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I've had my Donvier for more than 25 years, and still love it.

Most of my recipes are packed away for the next two weeks, but I go one of two ways. I start with basic custard-based recipes and tweak the flavors - pump up the coffee with extra espresso powder and a touch of cardamom, for example - or I play with fruit sorbets like wild Maine blueberry with cinnamon or pear/champagne/ginger. For the fruit sorbets I've gotten good textures by starting in the Vitamix, then cooling the mixture and finally freezing in the Donvier. In the height of summer, lemon-mint sorbet is the very best (but lemon-basil is also yummy!).
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@ Labs & Enilorac,  the flavors that you have come up with are really great.  I just love this website!  We had a pink grapefruit tree for years and enjoyed sorbet made from that.  If you get the chance, try making that.  It's rather exotic tasting.

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Nina, the Olive Oil gelato is OK but not really my favorite for a dessert.  I originally experienced that flavor at one of Batali's restaurants (Otto in Las Vegas) and it was good.  Mine tasted just like his but 

I keep thinking that it might be better suited to a savory presentation.  Maybe I should try making a sun-dried tomato gelato and a fresh mozzarella gelato, then serve the trio of gelati with a chiffonade of basil for a salad.
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Oooo - I forgot about savory uses for ices! At a Cape Cod restaurant last year we had a perfect horseradish ice served with local fresh oysters. Yummmm!
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Savory ices can really stretch your imagination.  We also had some raw seafood with different granita.  Horseradish, tabasco, and I believe that one was a champagne granita.  The sun dried tomato sounds interesting, or maybe a basil gelato as part of the gelati trio.  In my book that's a course!

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BrianShaw said...

"I keep thinking that it might be better suited to a savory presentation.  Maybe I should try making a sun-dried tomato gelato and a fresh mozzarella gelato, then serve the trio of gelati with a chiffonade of basil for a salad."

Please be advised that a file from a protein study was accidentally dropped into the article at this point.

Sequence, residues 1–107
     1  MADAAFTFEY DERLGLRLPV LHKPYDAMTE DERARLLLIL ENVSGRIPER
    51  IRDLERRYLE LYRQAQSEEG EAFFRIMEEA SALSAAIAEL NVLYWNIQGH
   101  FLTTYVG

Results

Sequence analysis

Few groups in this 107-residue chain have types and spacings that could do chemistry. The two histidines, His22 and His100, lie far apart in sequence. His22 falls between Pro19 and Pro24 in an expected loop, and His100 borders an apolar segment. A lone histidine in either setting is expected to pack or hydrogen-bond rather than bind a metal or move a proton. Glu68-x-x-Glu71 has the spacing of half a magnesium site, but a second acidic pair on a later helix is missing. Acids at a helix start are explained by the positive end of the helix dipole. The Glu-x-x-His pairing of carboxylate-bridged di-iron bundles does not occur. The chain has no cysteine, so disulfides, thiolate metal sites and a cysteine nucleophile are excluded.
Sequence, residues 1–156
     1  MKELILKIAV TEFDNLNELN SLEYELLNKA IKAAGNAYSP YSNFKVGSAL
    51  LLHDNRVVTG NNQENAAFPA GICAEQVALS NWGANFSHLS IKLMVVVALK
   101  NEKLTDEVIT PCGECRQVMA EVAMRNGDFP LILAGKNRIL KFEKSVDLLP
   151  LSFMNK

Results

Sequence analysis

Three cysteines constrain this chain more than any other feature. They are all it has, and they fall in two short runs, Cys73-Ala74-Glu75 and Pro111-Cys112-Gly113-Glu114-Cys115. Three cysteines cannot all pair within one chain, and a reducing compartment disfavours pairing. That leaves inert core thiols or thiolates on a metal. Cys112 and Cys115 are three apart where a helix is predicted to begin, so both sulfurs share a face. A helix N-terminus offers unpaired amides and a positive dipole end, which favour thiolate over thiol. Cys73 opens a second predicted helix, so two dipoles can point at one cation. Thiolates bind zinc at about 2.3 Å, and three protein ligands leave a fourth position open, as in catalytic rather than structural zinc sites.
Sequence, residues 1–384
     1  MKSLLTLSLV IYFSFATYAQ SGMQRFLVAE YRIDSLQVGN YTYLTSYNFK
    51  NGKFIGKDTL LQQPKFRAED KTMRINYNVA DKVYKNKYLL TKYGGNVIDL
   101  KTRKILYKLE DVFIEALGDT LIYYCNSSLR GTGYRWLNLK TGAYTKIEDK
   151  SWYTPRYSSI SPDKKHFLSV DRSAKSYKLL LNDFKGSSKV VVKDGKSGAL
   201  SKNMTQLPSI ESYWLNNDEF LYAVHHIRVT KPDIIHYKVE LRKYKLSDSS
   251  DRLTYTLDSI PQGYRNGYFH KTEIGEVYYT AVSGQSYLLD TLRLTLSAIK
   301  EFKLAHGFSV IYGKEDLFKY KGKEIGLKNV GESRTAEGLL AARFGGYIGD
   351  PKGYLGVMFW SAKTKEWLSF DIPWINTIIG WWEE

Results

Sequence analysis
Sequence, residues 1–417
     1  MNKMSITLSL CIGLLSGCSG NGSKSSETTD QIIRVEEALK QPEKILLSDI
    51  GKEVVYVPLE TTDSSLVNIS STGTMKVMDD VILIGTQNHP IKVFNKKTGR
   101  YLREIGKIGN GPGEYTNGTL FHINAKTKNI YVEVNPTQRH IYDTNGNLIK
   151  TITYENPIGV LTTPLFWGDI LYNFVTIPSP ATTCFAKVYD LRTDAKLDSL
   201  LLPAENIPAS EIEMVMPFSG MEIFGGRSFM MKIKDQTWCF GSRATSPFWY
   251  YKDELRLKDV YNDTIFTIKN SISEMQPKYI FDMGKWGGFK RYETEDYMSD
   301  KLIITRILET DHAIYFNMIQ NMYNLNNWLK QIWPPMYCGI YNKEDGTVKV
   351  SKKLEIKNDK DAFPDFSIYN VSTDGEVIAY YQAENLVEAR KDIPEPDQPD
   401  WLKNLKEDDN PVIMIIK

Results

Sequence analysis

I LOVE savory ice creams and sorbets. I did a dish last summer that was a take on a BLT with sous vide pork belly, early girl tomato sorbet with a butter lettuce puree and brioche toast. It was a big hit and a fun take on a classic flavor profile.

Great thread.

Oh, by the way, I didn't have the budget to buy a professional sorbet/ice cream machine, so we've been using this Cuisnart Ice Cream Maker. Since we're a small restaurant and I prefer to spin my ice creams and sorbets every day, all we really need is one quart a night. Since I have quite a few sorbets and ice creams on the menu, I bought two and have had great results. I figure at this rate I could burn out ten Cuisnarts and still save money on the big, commercial machine.

Also, sorbet and ice cream stabilizers are always a nice addition to your recipe because they inhibit large ice crystal formations, resulting in a smoother texture/consistency.
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Jacob what would be an ice cream stabilizers?  Would that be the same glucose powder you used in the peanut butter truffle recipe?  
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Ice cream and sorbet stabilizers are a mixture of food grade gums that promote small crystal formation and will allow even and slower melting. Mainly though, they're there to improve mouthfeel. Here are some examples on Chef Rubber:

Ice Cream Stabilizer: http://www.shopchefrubber.com/product.php?productid=12507&cat=1585&page=2

Sorbet Stabilizer: http://www.shopchefrubber.com/product.php?productid=12122&cat=0&page=1